Working memory, often likened to the ‘conductor’ of our brain, plays a pivotal role in processing and retaining information over short periods. With numerous tools available for its enhancement, like the Cogmed, the touted benefits are noteworthy. However, a recent study paints a different picture. Dive into this article to explore a critical perspective on working memory training.Read more: Deconstructing the Effects of Working Memory Training
The Role and Importance of Working Memory
Being an integral part of the executive system, the primary task of working memory is to hold and process information for a brief span. Research indicates an apparent connection between diminished working memory function and challenges like depression, anxiety, and difficulty in learning and retention.
Challenging the Established Norms
Sabine Wanmakers, a renowned psychologist, set out to investigate the potential of enhancing working memory. The objective was to observe if doing so could lead to a reduction in symptoms like depression, anxiety, and difficulty in learning and retaining information among university students. Contrary to the popular belief, her findings revealed that working memory training showed no significant effect in reducing depressive symptoms or constant rumination. This finding also held true for substance abusers; the training did not lead to a decrease in substance use, cravings, or impulsiveness.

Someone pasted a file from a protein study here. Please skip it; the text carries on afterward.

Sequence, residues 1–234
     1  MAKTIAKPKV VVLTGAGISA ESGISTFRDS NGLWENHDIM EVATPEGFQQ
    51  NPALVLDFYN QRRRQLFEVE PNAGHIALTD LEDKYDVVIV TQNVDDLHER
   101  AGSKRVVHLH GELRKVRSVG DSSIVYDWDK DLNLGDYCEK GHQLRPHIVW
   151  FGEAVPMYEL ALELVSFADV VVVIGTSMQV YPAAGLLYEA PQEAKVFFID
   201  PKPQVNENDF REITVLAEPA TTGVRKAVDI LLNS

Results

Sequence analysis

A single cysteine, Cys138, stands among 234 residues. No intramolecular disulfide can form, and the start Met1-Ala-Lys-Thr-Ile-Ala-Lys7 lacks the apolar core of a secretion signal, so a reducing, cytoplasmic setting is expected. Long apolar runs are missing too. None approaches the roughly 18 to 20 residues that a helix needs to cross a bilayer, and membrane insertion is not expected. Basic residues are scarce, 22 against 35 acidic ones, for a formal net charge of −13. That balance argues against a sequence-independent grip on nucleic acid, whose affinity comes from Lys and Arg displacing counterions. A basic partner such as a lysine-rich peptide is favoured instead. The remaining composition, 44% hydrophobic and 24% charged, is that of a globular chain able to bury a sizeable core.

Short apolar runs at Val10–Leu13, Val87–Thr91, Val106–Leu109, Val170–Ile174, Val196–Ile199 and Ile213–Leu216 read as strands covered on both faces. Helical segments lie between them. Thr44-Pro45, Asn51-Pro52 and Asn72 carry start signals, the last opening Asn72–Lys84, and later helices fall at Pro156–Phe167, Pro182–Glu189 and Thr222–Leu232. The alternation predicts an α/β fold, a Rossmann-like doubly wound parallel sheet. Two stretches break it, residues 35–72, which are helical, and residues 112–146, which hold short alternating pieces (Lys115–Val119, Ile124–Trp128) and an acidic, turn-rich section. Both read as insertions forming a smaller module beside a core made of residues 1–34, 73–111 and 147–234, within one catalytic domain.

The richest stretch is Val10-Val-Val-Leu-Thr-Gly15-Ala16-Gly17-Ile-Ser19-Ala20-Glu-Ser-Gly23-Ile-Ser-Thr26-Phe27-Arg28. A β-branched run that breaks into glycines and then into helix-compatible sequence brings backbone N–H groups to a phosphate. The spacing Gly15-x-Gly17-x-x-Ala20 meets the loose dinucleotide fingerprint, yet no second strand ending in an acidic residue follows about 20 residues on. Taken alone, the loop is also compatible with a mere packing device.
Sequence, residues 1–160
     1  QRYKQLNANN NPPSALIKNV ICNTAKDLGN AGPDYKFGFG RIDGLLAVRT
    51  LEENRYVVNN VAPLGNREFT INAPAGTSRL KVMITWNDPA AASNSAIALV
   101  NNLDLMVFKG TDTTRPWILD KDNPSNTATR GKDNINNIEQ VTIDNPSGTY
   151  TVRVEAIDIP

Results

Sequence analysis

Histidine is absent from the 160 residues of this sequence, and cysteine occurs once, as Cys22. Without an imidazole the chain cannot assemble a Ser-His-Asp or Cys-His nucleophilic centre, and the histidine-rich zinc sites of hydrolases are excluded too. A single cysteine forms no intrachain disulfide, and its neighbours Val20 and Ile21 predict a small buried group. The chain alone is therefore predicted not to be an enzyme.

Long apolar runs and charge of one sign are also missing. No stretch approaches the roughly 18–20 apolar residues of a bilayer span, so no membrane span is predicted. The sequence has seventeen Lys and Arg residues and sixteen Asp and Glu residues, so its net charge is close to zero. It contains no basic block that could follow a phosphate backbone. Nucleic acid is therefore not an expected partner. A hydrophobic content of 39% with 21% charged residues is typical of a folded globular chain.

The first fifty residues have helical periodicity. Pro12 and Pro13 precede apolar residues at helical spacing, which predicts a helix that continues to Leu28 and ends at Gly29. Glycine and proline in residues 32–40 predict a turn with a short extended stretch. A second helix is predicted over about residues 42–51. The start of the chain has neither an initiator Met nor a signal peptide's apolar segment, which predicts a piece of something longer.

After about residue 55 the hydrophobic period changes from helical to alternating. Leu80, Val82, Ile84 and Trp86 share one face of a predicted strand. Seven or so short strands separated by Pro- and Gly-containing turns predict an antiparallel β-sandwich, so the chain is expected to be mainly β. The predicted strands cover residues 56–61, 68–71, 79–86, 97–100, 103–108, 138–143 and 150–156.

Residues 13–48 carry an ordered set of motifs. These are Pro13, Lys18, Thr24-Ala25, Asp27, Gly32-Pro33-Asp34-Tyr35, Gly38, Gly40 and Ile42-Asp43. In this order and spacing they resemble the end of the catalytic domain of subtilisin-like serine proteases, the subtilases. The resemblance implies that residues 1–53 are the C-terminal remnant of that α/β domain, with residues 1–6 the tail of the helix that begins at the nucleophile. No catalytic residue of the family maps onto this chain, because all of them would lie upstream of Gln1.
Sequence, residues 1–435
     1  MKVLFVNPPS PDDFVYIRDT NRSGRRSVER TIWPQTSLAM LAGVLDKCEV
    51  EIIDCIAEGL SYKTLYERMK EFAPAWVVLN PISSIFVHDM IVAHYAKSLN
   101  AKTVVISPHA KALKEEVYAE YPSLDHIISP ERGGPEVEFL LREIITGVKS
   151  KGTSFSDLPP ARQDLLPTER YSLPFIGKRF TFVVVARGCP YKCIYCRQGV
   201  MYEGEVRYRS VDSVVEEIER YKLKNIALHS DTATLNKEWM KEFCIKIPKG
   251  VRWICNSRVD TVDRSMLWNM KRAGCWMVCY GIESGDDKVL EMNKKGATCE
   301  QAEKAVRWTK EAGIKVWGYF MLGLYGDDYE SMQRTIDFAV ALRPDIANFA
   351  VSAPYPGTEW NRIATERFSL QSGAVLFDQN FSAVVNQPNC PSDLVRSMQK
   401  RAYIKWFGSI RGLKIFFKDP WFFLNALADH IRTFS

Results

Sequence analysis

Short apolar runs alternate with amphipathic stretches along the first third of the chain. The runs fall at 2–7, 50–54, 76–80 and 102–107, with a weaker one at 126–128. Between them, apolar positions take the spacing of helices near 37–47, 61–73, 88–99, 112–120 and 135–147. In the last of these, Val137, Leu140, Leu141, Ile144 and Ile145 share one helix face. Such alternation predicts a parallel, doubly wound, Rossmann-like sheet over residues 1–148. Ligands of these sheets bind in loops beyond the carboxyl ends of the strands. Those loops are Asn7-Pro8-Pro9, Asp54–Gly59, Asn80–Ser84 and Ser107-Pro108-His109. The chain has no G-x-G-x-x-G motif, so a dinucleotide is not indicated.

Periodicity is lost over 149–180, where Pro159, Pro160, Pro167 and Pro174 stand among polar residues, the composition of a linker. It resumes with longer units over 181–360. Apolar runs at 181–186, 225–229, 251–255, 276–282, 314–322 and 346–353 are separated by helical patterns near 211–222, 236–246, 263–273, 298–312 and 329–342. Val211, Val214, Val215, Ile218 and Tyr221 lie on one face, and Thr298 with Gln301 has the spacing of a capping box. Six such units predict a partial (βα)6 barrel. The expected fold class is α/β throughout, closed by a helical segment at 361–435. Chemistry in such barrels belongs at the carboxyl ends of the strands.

Moreover, she found no discernible effects in academic performance, handling negative experiences, attention control, stress, impulsivity, and the occurrence of negative thoughts in healthy students. Her results resonate with critical reviews and empirical studies that challenge the purported benefits of working memory training.
Limitations and Counter-Arguments
Despite these eye-opening results, it’s crucial to note the limitations of Wanmakers’ study, including a high dropout rate and short training duration. Furthermore, the severity of the symptoms in the participants was considerably high compared to the general population.
Many proponents of working memory training argue that adequate guidance during the training phase is paramount. They often highlight, “Working memory training isn’t a pill you take and wait for effects.”
The Verdict: Is it Effective?
If Wanmakers’ study is any indicator, working memory training might not have the transformative effects it promises. This stance contrasts with findings from researchers like Klingberg, who have witnessed positive outcomes from such training. When it comes to athletes, the comparison becomes more challenging since the goal of working memory training varies significantly. The training should offer added value that assists during competitions and practice sessions.
Moreover, the BBC conducted a mini-study on the effects of general brain training, which wasn’t sports-specific: